The Basics of Linux


The Linux kernel is the core of a family of open source Unix-like operating systems created by Linus Torvalds. It is the backbone of many devices you use, including your phone, tablet and computer. You can also find it running in your car, digital camera, video recorder and even your TV. Linux is free and licensed under the GNU General Public License, which allows anyone to modify its code and share those changes.

Unlike popular desktop operating systems like Windows or macOS (formerly OS X), linux is an advanced system that includes a command line interface, as well as graphical tools that make system-level tasks easy to perform. Users can choose from a wide range of desktop environments and applications, which are known as apps. These include desktop programs for work, play and entertainment, as well as text editors and other software development tools.

You can download and install Linux on your computer by following the installation instructions provided by your chosen distribution. Most offer a “live” mode that lets you run Linux directly from a USB or DVD without installing it, which can be useful for testing hardware compatibility and getting familiar with the system. Once installed, you can run Linux alongside your existing operating system or replace it completely.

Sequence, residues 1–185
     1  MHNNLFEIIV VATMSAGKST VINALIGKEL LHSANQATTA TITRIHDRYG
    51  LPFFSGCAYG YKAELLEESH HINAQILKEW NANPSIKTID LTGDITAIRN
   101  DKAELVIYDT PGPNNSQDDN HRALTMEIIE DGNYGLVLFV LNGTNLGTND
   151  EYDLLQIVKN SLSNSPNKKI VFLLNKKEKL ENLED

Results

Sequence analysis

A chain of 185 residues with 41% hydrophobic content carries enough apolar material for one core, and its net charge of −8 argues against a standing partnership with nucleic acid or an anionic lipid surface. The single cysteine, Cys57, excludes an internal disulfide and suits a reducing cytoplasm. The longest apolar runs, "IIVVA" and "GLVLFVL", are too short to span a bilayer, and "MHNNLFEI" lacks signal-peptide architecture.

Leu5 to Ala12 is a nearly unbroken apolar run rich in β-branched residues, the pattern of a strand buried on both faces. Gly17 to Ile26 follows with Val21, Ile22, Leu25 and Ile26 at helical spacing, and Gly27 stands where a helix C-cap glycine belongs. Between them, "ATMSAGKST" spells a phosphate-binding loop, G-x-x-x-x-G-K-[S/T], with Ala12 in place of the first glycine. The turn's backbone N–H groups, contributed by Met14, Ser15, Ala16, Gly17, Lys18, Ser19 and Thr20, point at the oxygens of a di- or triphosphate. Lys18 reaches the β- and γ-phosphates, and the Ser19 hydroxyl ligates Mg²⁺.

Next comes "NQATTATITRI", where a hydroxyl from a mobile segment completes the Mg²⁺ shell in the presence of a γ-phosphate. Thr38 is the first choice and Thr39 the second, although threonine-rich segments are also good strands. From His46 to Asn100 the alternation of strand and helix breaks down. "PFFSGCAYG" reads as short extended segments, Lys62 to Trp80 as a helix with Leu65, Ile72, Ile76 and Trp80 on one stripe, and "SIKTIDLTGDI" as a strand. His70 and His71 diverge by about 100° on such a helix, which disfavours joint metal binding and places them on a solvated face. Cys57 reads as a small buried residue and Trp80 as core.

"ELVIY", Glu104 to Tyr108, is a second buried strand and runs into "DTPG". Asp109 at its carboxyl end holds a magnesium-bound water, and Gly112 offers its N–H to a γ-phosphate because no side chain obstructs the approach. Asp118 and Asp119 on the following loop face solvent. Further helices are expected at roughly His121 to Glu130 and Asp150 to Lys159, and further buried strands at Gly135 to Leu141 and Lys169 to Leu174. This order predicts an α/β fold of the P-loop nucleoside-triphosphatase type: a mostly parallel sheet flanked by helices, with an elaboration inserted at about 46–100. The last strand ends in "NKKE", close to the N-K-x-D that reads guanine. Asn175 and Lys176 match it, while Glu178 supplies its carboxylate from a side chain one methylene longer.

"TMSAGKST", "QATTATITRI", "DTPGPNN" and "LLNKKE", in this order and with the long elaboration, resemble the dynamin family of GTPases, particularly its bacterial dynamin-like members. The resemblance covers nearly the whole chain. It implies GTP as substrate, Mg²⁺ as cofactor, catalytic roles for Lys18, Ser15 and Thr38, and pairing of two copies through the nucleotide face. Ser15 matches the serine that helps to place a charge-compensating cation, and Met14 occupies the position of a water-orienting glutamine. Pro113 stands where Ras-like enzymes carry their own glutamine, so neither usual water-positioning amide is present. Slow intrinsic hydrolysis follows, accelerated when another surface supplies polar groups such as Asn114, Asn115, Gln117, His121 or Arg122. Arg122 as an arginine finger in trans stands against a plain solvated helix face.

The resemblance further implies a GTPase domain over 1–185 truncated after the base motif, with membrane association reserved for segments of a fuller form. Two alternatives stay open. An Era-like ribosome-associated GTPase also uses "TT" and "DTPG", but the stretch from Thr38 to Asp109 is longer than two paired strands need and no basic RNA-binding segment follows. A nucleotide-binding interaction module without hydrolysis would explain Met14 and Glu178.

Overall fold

Linux gained popularity among hobbyists throughout the 1990s. It is an efficient and reliable system that runs on a variety of hardware, from cellular phones to supercomputers. It also powers most of the Internet’s Web servers, along with a large number of corporate and individual computers.

Because it is so widely used, there are numerous Linux communities and support organizations to help you get started. In addition, many Linux distributors—including Red Hat, SUSE and Canonical—offer support contracts and other services to businesses that need to ensure uptime of their mission-critical systems.

There are also a number of Linux “cloud” images available on the major cloud platforms, including Microsoft Azure and Amazon Web Services. The correct choice of Linux for your server depends on your use case and the type of work you plan to do with it.

There are many Linux distributions to choose from, and it can be difficult to decide which one is right for your needs. Each one has its own unique set of features and is optimized for a particular task. Many of them are available for free, but some are commercialized and require a licensing fee to use. The choice of a Linux distribution is therefore a matter of choosing the one that best suits your purposes and fits within your budget. Then, once you’ve settled on a distribution, explore the community forums and online tutorials to learn how to get the most out of it. You can even join a wiki to create your own documentation or help improve the Linux ecosystem. Ultimately, the only limit is your imagination.

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